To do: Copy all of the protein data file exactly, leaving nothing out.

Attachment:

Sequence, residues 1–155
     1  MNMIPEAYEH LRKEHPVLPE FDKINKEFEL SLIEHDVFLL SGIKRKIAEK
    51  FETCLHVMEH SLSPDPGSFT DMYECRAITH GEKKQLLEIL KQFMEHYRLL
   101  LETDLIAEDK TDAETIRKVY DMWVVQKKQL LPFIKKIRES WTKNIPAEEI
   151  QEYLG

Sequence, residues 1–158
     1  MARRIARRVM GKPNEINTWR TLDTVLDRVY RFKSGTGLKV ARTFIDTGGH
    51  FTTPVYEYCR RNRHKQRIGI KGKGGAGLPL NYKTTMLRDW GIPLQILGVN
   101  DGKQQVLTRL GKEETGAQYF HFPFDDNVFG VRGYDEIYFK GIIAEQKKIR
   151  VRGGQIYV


Sequence, residues 1–155
     1  MNMIPEAYEH LRKEHPVLPE FDKINKEFEL SLIEHDVFLL SGIKRKIAEK
    51  FETCLHVMEH SLSPDPGSFT DMYECRAITH GEKKQLLEIL KQFMEHYRLL
   101  LETDLIAEDK TDAETIRKVY DMWVVQKKQL LPFIKKIRES WTKNIPAEEI
   151  QEYLG

Sequence, residues 1–158
     1  MARRIARRVM GKPNEINTWR TLDTVLDRVY RFKSGTGLKV ARTFIDTGGH
    51  FTTPVYEYCR RNRHKQRIGI KGKGGAGLPL NYKTTMLRDW GIPLQILGVN
   101  DGKQQVLTRL GKEETGAQYF HFPFDDNVFG VRGYDEIYFK GIIAEQKKIR
   151  VRGGQIYV